Missouri State Board of Education

Stephanie Zimmerman

Several parents of students who live in the Normandy school district filed suit in St. Louis County Circuit Court Monday, challenging the state’s move to limit the number of students who may transfer out of Normandy to accredited school districts.

JEFFERSON CITY -- Missouri has already adopted and begun to implement the Common Core State Standards,  but a group of diehard opponents urged the state board of education Tuesday to follow what they said is the lead of other states and reconsider.

DESE website

Missouri’s commissioner of education has been buffeted by two controversies that have led to calls for her resignation but also expressions of support from her bosses on the state board of education.

To explain the controversy swirling around Chris Nicastro, Missouri’s embattled commissioner of elementary and secondary education, state school board member Mike Jones invokes the words of a legendary Texan, Jim Hightower:

The only things you find in the middle of the road are yellow lines and dead armadillos.

Marshall Griffin/St. Louis Public Radio

Public schools in Kansas City, Missouri, will remain unaccredited.

The State Board of Education on Tuesday chose to take no action on a request by Kansas City Schools Superintendent R. Stephen Green to grant provisional accreditation, based on this year's assessment scores in which the district placed within the provisional range.  But State Board President Peter Herschend says there hasn't been sufficient improvement sustained over a period of time.

Marshall Griffin/St. Louis Public Radio

It was a busy day for the Missouri State Board of Education.

First, the Board heard from Kansas City Public Schools, which is seeking to regain provisional accreditation, citing "rapid improvement."

(via dese.mo.gov press release)

The man who recently took over as President of the Missouri State Board of Education resigned today from the board.

Rev. Stan Archie submitted his resignation to Governor Jay Nixon (D) two days after Archie was hit by a civil lawsuit accusing him of sexual misconduct.  It’s the second such lawsuit filed against the long-time Kansas City pastor and State Education board member.  It accuses him of having sexually inappropriate conversations with a female minor whom he was counseling, giving her money and gifts, and later harassing her after she ended their relationship.

St. Louis Public Schools

Legislation has been filed in the Missouri Senate that would lay the groundwork for restoring an elected school board for the city of St. Louis.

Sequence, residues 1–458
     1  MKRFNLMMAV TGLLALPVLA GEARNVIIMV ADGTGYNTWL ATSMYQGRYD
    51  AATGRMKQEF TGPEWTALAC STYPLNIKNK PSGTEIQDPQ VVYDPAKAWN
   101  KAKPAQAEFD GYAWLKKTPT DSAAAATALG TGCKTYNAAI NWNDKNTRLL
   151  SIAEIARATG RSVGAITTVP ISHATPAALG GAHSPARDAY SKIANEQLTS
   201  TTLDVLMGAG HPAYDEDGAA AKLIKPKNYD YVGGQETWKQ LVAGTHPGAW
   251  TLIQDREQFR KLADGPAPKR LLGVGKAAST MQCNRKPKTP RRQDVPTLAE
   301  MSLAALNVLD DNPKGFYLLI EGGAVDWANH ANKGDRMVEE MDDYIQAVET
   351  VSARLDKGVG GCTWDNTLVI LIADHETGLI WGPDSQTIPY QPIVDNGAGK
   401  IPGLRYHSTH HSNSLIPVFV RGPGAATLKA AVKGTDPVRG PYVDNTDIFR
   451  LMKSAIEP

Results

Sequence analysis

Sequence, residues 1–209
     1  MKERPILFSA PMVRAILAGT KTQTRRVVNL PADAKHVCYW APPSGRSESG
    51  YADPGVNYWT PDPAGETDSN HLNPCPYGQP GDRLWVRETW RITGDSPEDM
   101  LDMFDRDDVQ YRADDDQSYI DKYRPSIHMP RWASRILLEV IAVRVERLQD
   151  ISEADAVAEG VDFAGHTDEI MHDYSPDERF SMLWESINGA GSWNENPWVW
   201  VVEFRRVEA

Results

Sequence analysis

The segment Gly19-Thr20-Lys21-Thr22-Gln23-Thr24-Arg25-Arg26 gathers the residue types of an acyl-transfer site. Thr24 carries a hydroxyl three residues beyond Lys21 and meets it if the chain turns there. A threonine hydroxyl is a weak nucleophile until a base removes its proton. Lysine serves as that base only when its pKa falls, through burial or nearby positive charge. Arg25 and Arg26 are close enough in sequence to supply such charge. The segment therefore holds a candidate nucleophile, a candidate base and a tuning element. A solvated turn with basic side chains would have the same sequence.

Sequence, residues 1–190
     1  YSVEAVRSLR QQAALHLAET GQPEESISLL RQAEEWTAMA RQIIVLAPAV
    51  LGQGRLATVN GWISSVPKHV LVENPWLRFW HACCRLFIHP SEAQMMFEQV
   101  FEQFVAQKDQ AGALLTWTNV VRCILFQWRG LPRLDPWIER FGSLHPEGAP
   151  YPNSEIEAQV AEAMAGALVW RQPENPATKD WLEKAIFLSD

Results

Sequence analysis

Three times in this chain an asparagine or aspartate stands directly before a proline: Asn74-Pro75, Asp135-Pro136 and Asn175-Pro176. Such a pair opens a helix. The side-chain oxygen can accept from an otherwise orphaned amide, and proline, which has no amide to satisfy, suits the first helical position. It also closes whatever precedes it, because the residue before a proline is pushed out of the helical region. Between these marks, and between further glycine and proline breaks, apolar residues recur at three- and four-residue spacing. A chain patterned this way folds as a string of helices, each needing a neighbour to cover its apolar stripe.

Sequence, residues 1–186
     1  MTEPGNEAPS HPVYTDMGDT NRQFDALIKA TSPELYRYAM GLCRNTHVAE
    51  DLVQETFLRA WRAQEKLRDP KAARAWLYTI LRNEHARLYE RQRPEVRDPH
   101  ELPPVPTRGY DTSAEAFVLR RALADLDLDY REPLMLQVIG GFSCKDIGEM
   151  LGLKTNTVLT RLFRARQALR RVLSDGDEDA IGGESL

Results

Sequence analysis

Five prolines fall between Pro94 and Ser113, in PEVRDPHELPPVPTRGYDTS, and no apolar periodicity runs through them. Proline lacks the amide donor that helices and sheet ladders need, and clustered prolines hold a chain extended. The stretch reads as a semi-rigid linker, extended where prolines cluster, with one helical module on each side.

The city's school district regained provisional accreditation last September, and if it can maintain it for a full year, the bill would then require that a locally elected school board replace the state-appointed board on July 1st, 2014.  It’s sponsored by State Senator Jamilah Nasheed (D, St. Louis).

knittymarie / Flickr

St. Louis public schools will find out tomorrow if they’ll regain at least provisional accreditation from the State Board of Education.

St. Louis schools lost their accreditation five years ago and were soon after placed under state control, but they have improved over the past two years.  In 2010 they only met 3 out of 14 performance standards, with six being the minimum require for provisional accreditation.  Last year they met the minimum six, and this year they’ve met seven performance standards.  State Board Member Peter Herschend (R) says, though, there’s no guarantee the vote will go St. Louis’s way.

(via Flickr/Lauren Manning)

Updated 1:28 p.m. to reflect that eleven states have already been granted waivers.

The Missouri Board of Education has approved the state's request for a waiver from some provisions of the federal No Child Left Behind law.

Members voted Tuesday to support the waiver's submission to the U.S. Department of Education with minor edits. Last fall, President Barack Obama said states will be allowed to seek a waiver from the law, which requires all students to show proficiency in math and reading by 2014.

(via Flickr/j.o.h.n. walker)

Missouri's college loan agency plans to start collecting payments in October from students who got loans from the federal government.

The Missouri Higher Education Loan Authority says it is the first state-based nonprofit organization to be approved to handle federal loan payments since a 2010 law required the U.S. Department of Education to originate all federally backed student loans. That law essentially eliminated a role for banks and private lenders.

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